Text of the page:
There’s no compelling reason to pay physicians more next year, concludes the 604-page report that the Medicare Payment Assessment Commission (MedPAC) submitted to Congress on March 15. “We expect volume and revenue to return to pre-pandemic levels (or higher) by 2023,” stated the influential panel in the report it’s legally required to give lawmakers each year.
That prediction may or may not be true. What can’t be questioned is that:
- Physicians have gone several years without a meaningful pay increase;
- Inflation is at a 40-year-high; and
- The 2 percent Medicare sequester penalty will soon be reinstated.
None of this seems to have factored into MedPAC’s analysis. “Overall, access to clinician services for Medicare beneficiaries appears stable and comparable to that for privately insured individuals,” the report states.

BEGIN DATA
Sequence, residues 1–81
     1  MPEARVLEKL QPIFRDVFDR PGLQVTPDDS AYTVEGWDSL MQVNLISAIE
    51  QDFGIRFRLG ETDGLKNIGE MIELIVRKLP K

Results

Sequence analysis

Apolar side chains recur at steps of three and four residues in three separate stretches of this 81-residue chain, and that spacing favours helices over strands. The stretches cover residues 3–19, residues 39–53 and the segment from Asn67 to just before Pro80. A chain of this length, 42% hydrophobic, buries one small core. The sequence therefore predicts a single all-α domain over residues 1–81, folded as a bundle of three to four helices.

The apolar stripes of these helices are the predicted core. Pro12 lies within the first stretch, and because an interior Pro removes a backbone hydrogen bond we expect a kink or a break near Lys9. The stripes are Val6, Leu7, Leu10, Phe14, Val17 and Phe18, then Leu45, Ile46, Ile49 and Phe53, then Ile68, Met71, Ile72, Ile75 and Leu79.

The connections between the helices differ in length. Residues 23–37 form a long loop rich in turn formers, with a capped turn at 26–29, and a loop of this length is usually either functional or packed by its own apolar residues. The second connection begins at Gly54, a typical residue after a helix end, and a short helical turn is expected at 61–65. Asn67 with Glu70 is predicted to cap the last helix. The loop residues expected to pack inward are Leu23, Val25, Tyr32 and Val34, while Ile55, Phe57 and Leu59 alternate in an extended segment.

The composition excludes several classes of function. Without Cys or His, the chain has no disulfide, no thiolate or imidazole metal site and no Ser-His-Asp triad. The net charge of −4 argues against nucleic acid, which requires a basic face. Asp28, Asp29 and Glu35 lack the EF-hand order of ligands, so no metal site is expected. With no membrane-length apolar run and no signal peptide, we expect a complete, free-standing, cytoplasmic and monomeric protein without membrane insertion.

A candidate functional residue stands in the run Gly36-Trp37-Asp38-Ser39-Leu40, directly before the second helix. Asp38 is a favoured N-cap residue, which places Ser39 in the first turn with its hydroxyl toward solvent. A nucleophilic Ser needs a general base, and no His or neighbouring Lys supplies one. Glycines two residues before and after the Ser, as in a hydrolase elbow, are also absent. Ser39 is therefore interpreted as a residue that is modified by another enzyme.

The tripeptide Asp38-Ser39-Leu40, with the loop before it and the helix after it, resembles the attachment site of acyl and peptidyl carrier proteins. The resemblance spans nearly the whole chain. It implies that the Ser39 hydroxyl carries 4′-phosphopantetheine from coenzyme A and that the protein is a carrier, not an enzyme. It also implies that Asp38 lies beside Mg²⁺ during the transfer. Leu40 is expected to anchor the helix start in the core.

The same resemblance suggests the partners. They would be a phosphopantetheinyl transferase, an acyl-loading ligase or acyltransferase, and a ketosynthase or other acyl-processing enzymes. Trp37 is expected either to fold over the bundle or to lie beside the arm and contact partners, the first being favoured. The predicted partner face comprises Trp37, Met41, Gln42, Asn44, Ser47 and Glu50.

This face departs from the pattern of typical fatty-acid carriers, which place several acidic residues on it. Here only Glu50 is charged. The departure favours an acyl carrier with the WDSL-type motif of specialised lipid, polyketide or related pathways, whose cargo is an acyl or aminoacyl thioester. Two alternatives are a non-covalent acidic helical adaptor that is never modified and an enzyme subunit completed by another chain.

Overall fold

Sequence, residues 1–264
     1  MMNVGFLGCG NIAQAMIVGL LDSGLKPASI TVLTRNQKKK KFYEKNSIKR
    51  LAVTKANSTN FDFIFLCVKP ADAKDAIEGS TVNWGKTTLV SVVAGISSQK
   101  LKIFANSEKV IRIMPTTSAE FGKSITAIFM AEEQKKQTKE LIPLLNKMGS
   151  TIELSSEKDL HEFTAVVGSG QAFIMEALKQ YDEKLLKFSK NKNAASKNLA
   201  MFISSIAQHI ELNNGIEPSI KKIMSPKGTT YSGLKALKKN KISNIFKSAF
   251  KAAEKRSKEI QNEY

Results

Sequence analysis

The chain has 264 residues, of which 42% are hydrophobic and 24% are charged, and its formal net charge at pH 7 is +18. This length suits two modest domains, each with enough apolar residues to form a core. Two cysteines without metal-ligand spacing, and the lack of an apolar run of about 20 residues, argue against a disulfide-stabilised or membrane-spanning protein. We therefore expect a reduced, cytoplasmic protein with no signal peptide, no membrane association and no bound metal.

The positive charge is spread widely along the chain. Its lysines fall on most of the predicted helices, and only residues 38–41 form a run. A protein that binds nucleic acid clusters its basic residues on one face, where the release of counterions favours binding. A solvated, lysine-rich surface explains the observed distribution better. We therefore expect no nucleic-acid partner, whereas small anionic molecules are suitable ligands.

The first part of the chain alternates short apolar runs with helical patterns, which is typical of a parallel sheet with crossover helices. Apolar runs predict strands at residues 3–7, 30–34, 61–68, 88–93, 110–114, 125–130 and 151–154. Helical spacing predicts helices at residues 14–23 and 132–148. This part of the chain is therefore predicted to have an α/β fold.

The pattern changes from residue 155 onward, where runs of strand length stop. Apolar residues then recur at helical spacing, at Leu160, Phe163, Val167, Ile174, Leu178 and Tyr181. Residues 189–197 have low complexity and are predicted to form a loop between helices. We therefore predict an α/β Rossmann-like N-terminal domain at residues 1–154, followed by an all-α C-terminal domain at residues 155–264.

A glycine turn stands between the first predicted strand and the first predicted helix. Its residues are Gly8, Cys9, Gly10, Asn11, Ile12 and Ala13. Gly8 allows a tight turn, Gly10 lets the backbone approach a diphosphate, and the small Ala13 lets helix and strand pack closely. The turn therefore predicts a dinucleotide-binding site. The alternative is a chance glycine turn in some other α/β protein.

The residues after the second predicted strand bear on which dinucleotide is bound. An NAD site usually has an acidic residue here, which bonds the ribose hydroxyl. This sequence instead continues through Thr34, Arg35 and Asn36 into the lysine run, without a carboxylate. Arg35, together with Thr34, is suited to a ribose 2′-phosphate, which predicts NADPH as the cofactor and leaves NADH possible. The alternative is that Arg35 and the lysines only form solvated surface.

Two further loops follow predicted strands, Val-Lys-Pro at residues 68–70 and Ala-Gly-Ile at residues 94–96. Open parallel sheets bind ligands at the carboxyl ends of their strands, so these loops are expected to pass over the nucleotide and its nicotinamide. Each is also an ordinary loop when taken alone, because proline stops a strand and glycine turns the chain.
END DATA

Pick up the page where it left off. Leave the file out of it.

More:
Not surprisingly, physician groups took issue with the report, which the Medical Group Management Association (MGMA) called “deeply troubling.” Meanwhile, HHS secretary Xavier Becerra indicated last week that he’s concerned about physicians’ financial struggles and “definitely interested” in considering reform of the Medicare Physician Fee Schedule.